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Hugh Gibson on Pitching: Set a Scene and Tell a Story

Breakthrough Mentorship Program Alum Hugh Gibson was just awarded the richest film prize in Canada. His first feature “The Stairs”, which premiered at TIFF in 2016, was honoured with the $100,000 Rogers Best Canadian Film Award by the Toronto Film Critics Association. We spoke to Hugh on how he’s learned to effectively pitch and put his ideas out into the world.

Selling your idea is partly about getting the right team on board. How did Executive Producer Alan Zweig become involved in “The Stairs”? (How did you initially approach him and get him excited about the project?)

I watched A Hard Name, which was a big influence. A mutual friend serendipitously put us in touch. Alan watched my work and was interested in my ideas. We openly discussed what a partnership would entail, which established a good relationship.

You’re no stranger to festivals. In fact, “The Stairs” just premiered at TIFF last year. What advice would you give early-career filmmakers for networking and making the most of the festival scene?

Putting yourself out there is good, as long as it’s respectfully and with class. Research is important. Spend time getting to know the right festivals and partners for your film so you don’t waste time – yours and theirs – on the wrong ones. I’d strongly encourage watching films as part of that research.

Gibson receives the 2016 Rogers Best Canadian Film Award

What have you found to be the most effective way to “sell” your idea to others?

Speak and think visually. Set a scene and tell a story. Describe what we’ll see or what takes place in a scene. Describe a movie, instead of an abstract idea. Making a personal connection can also help. Part of that is sounding natural – not like you’re reading off a teleprompter.

[Also important is] defining what makes the film different or distinct from the many other films on similar topics. Defining what’s new or surprising piques people’s interest.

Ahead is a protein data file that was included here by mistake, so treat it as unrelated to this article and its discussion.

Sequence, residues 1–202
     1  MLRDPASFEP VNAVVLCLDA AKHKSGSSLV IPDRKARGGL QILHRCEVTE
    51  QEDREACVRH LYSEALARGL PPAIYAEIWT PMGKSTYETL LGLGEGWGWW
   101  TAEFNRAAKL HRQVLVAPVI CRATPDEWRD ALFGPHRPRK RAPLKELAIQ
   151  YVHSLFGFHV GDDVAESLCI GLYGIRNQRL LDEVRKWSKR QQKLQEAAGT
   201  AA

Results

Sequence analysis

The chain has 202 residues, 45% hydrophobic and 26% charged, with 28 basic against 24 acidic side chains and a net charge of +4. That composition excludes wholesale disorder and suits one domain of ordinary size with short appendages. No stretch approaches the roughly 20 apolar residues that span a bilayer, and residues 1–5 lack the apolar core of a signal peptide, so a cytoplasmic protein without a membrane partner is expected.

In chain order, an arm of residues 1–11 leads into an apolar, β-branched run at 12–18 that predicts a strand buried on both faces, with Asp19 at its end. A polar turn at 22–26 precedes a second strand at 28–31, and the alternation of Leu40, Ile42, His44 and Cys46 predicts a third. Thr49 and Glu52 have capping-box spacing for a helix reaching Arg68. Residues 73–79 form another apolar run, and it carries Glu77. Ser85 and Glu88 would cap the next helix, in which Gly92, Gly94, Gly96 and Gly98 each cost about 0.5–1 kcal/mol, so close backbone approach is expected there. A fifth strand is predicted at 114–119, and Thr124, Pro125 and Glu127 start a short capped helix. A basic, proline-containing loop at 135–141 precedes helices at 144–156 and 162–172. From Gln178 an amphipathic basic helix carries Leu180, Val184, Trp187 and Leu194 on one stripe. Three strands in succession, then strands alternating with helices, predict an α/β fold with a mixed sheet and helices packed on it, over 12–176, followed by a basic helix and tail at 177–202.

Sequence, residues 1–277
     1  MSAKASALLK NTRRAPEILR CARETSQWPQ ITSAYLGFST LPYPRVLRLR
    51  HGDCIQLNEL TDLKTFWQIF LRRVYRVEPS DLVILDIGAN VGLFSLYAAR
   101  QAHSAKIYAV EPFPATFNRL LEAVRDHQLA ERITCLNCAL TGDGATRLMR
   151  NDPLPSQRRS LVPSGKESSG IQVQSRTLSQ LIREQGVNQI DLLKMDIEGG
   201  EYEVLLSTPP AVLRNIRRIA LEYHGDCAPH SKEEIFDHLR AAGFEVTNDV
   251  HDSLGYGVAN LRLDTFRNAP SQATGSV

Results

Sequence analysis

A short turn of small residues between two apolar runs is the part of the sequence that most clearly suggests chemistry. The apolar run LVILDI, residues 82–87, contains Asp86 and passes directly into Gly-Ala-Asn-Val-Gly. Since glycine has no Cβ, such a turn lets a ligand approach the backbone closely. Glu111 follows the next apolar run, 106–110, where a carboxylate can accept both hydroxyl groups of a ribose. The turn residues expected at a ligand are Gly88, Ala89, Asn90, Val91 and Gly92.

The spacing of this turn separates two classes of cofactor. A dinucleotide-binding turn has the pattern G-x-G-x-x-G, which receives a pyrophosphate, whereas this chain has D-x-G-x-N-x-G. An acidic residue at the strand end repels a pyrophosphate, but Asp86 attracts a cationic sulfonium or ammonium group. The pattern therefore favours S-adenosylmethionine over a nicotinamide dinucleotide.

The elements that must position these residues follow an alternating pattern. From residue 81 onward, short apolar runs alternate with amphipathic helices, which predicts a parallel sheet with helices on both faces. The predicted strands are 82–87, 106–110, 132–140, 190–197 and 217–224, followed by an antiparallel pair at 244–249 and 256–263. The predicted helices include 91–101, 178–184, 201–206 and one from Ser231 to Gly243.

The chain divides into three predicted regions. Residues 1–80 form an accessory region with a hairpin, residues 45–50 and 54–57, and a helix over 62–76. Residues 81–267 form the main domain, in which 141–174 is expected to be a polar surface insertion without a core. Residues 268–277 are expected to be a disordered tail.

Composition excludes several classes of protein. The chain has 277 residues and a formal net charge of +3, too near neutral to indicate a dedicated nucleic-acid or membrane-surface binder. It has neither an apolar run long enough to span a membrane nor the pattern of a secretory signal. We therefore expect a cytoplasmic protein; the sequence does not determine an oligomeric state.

“The Stairs” took about 5 years to make. Looking back after this process, is there anything you’d do differently? What would you tell your “pre-Stairs” self?

You learn by doing. I wrote myself a note about 4 years into the process: “Stop being scared of failure. If you don’t try, you’ll never succeed.” I keep it nearby as a reminder.

The Stairs, 2016


Pitching is obviously about deeply understanding your story and characters. What part of “The Stairs” did you emotionally connect with? Did you find that your understanding of the story and characters evolved over time?

My understanding evolved over time as I learned more and more, and as more events transpired. Making emotional connections was a large part of the film; there’s too many to list. As the project evolved and became increasingly focused, certain dominant aspects emerged and asserted themselves, such as the idea of humanizing people and lifestyles that have been de-humanized – creating a narrative that could upend commonly held perceptions about drug users and street involvement.

Can you share one or two take-aways from the Breakthrough Mentorship Program?

Doing Breakthrough helped me understand the film I was making. It forced me to step outside myself (as producer and director) and see how the project looked to neutral observers in its current (developing) form. That’s not an easy task, but it’s very useful. And it developed skills that are remarkably handy, such as public speaking and focusing ideas into something brief and straight to the point.

To apply for the 2018 Breakthrough Mentorship Program, click here. Application deadline is Dec 5, 2017. 

The Stairs, 2016